At that dinner the exiting employee hears about all the wonderful plans that were in store for him or her. They hear about the promotion right around the corner – new role / new responsibilities. They hear about the new bonus structure. They hear about the new office and the lap top.
And then the topic of the new offer comes up. “What if we not only matched your current offer, and increased the salary 20%?”
Remember, this candidate is already almost certainly facing fear of change, and now here comes special attention and more money! Hard to resist the temptation.
To counter this strategy you prepare your candidate by letting them know ahead of time what is going to happen. You will be amazed how many candidates will tell you that this EXACT scenario unfolds in front of them. By helping them to understand that it is a strategy (almost certainly NOT in their best interest) you considerably raise the odds of having your new employee turn in a notice to join your team!
Help the candidate to understand that in almost every case taking a counteroffer is not a good idea.
Anne was unhappy with her job. She had great ideas that were not being considered by her current “if it ain’t broke don’t fix it” boss. She interviewed at an innovative company with a high energy manger and accepted a very fair offer.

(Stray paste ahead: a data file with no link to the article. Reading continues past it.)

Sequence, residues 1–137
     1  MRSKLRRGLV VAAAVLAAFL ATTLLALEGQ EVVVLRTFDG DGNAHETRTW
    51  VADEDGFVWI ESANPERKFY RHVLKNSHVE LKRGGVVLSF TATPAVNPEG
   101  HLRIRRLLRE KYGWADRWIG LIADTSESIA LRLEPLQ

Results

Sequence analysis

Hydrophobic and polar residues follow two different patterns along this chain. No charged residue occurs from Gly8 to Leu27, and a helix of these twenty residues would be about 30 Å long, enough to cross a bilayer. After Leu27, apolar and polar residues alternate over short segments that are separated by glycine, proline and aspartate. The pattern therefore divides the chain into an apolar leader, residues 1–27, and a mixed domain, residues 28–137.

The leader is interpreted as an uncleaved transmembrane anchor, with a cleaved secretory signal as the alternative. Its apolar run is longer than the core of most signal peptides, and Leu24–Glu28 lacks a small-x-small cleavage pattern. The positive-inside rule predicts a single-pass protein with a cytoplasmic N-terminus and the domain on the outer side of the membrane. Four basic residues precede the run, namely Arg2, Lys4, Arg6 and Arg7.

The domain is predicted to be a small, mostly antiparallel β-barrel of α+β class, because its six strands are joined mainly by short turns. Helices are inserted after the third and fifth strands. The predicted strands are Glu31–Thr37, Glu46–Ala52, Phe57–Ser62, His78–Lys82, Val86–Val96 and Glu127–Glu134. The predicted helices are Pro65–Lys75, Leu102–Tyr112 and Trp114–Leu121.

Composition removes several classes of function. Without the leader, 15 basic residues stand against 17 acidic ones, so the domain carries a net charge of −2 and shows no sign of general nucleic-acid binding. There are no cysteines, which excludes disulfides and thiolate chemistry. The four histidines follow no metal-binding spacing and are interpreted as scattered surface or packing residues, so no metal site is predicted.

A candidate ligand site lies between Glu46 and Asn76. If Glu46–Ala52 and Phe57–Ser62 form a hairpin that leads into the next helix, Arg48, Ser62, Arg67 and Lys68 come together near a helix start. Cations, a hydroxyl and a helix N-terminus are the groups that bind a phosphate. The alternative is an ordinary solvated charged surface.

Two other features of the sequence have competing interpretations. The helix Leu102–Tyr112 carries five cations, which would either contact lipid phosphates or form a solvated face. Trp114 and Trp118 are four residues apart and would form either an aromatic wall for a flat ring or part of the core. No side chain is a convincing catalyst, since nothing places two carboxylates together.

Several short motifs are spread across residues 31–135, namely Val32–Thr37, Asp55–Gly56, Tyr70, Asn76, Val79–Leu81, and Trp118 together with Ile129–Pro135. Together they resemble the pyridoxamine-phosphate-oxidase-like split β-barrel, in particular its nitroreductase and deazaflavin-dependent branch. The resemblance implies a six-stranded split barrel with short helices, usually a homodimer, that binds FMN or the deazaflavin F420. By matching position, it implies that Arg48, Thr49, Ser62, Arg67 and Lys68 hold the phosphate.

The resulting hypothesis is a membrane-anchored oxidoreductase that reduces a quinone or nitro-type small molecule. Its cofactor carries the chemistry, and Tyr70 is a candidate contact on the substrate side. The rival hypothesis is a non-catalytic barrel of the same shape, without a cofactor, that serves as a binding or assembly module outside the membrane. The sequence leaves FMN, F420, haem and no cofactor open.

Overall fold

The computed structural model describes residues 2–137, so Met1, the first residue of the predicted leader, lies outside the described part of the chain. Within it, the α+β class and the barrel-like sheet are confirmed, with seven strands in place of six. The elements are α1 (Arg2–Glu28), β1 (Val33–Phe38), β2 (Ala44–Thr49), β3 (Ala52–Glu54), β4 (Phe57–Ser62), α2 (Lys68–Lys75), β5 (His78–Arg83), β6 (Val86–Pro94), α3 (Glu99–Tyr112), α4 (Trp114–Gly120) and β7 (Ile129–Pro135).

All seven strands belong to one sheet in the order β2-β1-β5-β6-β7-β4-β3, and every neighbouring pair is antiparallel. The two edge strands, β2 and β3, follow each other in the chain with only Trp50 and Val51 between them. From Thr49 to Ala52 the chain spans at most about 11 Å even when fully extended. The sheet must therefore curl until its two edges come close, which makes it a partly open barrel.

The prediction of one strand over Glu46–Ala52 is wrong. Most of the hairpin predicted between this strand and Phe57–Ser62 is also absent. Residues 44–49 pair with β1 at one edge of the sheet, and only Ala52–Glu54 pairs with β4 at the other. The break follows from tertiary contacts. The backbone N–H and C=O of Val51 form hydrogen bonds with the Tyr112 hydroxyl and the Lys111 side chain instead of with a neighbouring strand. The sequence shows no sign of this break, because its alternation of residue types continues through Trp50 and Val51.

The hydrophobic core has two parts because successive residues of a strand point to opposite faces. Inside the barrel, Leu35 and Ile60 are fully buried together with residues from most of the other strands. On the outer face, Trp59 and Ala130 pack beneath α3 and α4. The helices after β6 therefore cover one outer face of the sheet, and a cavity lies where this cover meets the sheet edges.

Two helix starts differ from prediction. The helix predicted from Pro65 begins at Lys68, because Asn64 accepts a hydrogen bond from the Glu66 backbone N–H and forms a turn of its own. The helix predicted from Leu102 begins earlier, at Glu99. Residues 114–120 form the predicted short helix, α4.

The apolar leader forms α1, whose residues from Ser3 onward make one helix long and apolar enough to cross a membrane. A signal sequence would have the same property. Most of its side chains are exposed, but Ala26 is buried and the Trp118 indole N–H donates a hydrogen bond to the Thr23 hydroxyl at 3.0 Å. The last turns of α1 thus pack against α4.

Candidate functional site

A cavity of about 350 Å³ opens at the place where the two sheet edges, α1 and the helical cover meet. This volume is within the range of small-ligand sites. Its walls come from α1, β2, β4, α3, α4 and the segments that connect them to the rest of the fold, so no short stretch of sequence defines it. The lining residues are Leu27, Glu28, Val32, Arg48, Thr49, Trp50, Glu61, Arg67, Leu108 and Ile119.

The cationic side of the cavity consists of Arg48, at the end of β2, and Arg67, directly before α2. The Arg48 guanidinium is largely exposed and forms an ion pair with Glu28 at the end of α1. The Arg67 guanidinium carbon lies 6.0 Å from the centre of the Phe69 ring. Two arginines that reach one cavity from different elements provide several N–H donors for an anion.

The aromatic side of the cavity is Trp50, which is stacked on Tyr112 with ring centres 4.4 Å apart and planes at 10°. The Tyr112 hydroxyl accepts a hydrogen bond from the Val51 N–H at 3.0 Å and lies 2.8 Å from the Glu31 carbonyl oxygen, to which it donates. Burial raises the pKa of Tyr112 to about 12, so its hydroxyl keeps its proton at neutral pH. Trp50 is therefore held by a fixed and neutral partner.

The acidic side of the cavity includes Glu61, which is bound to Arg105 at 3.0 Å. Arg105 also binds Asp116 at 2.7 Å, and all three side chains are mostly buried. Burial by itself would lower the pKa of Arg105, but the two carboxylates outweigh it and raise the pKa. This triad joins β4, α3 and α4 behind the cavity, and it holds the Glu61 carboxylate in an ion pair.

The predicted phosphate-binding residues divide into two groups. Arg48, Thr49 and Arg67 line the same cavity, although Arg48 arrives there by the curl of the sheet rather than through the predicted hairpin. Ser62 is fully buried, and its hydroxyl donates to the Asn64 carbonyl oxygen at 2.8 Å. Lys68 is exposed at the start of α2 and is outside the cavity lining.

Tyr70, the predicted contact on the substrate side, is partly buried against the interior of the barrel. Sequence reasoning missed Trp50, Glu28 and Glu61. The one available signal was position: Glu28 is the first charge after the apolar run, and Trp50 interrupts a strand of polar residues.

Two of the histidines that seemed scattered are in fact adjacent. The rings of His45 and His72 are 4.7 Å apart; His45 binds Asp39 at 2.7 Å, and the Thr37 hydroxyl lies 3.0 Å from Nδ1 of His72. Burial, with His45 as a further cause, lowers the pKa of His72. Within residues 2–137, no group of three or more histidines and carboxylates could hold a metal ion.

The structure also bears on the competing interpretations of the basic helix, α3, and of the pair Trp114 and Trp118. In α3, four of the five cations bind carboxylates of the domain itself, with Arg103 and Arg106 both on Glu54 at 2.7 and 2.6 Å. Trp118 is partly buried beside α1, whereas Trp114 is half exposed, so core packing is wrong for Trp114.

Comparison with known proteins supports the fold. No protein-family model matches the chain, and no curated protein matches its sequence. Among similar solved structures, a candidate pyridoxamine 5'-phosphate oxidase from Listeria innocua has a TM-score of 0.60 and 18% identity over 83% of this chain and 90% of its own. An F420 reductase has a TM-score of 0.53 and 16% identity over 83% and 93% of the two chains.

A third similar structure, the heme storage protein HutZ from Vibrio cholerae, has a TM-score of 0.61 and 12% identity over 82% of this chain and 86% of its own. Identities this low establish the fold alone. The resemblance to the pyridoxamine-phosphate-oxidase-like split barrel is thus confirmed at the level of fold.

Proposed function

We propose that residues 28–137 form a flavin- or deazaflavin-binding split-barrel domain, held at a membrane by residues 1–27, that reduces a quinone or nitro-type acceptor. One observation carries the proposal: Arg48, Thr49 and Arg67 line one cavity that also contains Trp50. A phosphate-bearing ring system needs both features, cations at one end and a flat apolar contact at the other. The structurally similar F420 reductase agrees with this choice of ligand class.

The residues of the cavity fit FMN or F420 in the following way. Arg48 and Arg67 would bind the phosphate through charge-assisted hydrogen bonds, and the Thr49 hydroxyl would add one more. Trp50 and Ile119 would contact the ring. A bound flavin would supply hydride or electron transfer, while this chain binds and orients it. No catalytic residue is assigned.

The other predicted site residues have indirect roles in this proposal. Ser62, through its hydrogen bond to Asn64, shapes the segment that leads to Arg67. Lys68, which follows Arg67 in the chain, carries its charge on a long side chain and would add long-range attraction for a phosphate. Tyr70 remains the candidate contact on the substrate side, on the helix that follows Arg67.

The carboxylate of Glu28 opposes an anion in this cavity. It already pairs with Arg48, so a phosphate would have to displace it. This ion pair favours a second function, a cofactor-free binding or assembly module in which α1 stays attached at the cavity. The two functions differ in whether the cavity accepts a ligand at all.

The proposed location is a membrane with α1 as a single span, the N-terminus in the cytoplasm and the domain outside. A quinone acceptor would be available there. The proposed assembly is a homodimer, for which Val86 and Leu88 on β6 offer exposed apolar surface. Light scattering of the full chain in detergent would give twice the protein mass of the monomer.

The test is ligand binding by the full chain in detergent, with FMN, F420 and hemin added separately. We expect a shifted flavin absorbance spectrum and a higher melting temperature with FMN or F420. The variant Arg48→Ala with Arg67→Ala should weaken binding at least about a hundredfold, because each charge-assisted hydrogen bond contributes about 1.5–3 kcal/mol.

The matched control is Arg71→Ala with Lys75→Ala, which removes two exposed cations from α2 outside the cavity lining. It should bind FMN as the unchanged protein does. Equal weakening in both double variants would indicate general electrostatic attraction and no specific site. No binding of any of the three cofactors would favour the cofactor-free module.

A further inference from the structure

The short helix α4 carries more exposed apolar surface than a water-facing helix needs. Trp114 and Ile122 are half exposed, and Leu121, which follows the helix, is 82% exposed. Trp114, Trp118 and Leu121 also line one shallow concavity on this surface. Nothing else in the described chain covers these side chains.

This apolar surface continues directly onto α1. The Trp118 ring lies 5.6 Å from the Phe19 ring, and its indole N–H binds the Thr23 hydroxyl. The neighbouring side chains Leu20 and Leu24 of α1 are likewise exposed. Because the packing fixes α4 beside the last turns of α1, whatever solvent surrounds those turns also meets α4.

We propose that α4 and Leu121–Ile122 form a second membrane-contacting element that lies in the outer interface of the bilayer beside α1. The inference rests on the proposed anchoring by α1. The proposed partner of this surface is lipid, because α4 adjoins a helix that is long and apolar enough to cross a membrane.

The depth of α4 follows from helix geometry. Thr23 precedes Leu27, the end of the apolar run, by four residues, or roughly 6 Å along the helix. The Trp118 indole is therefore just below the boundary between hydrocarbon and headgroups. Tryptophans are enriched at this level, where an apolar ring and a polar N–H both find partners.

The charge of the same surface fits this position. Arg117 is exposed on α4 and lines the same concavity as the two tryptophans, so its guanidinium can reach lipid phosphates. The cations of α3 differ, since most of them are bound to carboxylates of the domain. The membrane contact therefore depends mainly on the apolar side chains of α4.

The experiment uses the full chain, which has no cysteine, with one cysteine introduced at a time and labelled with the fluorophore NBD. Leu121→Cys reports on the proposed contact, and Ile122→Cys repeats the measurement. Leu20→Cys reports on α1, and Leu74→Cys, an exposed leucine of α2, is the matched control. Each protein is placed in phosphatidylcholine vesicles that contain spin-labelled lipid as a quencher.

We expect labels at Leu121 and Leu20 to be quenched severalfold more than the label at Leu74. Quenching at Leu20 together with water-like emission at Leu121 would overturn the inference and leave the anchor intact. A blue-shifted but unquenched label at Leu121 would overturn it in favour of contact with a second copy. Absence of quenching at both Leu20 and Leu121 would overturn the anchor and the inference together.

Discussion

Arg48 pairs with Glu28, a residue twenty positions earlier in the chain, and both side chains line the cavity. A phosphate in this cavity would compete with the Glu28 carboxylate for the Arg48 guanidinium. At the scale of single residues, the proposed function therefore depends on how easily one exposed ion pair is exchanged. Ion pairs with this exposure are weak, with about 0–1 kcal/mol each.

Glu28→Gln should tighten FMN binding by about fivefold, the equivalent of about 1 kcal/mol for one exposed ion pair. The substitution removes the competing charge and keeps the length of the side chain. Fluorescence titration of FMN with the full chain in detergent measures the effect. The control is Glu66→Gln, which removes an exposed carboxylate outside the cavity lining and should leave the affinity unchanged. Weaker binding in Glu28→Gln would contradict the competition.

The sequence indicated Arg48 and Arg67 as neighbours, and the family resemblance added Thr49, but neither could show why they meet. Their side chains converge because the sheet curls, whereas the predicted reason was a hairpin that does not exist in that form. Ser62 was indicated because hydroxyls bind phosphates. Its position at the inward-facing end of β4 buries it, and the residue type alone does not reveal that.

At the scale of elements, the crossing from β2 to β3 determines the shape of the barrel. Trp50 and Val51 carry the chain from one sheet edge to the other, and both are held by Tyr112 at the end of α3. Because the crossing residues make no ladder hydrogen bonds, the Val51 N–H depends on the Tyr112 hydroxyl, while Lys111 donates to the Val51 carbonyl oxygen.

Her current employer offered her a counteroffer – a sweet pay increase AND the opportunity to implement many of her new ideas. Anne took the counteroffer. Six months later she was no longer there!
According to our statistics, this happens 80% of the time. There are two main reasons that counteroffers don’t last.
First, most of the time a counteroffer is offered because the timing is not good for the company. The strategy is a short-term fix until the company can find a replacement on their terms. Loyalty has been breached and the counter is just a way to keep the employee around until a proper replacement can be found.
Second, the problem that was driving the candidate away almost never REALLY changes. In Anne’s case, the promise to let her innovate didn’t really come to fruition. The culture of the organization was the culprit and she remained frustrated and underused.
How much better it would have been for Anne to remember the reasons for looking for a new job? To resist the temptation of more money. To resist the temptation of sticking with the “devil she knew.” To stick with her initial decision.
So, how do you as an employer help your candidates to see this? At Accountants One we encourage our candidates to Google “counteroffers.” Five minutes of independent research usually seals the deal. There exists a multitude of solid research showing that counteroffers are a bad idea.
Inevitably, dealing with counteroffers in today’s market is a reality. There is no way to bat 1000 in this world but through three key areas of focus you will substantially increase your odds of moving your potential candidates through the counteroffer. Those three strategies are: help your prospective candidates recognize that change is hard, walk your candidates through counteroffer techniques, and objectively help your candidates realize that taking a counteroffer is almost never a good idea. If you utilize these strategies, and keep a level head, the choppy waters of the counter offer can be navigated with relative ease.